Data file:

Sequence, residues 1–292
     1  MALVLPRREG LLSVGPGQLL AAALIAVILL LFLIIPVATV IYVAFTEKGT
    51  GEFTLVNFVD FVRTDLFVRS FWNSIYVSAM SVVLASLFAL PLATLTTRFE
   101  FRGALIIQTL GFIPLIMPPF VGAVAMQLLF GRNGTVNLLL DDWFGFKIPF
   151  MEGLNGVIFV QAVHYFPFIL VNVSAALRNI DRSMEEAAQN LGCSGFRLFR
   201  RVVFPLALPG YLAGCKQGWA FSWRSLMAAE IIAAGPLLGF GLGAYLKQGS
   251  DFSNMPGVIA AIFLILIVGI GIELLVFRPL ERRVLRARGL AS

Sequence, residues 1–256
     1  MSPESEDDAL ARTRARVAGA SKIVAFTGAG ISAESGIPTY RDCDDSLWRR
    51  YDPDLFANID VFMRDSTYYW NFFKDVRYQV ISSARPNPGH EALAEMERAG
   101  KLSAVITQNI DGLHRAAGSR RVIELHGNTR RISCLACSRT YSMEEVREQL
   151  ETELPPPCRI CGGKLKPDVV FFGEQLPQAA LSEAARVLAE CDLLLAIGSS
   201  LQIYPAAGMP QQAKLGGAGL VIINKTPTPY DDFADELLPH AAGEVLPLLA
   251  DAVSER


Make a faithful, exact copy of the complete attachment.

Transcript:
Sequence, residues 1–292
     1  MALVLPRREG LLSVGPGQLL AAALIAVILL LFLIIPVATV IYVAFTEKGT
    51  GEFTLVNFVD FVRTDLFVRS FWNSIYVSAM SVVLASLFAL PLATLTTRFE
   101  FRGALIIQTL GFIPLIMPPF VGAVAMQLLF GRNGTVNLLL DDWFGFKIPF
   151  MEGLNGVIFV QAVHYFPFIL VNVSAALRNI DRSMEEAAQN LGCSGFRLFR
   201  RVVFPLALPG YLAGCKQGWA FSWRSLMAAE IIAAGPLLGF GLGAYLKQGS
   251  DFSNMPGVIA AIFLILIVGI GIELLVFRPL ERRVLRARGL AS

Sequence, residues 1–256
     1  MSPESEDDAL ARTRARVAGA SKIVAFTGAG ISAESGIPTY RDCDDSLWRR
    51  YDPDLFANID VFMRDSTYYW NFFKDVRYQV ISSARPNPGH EALAEMERAG
   101  KLSAVITQNI DGLHRAAGSR RVIELHGNTR RISCLACSRT YSMEEVREQL
   151  ETELPPPCRI CGGKLKPDVV FFGEQLPQAA LSEAARVLAE CDLLLAIGSS
   201  LQIYPAAGMP QQAKLGGAGL VIINKTPTPY DDFADELLPH AAGEVLPLLA
   251  DAVSER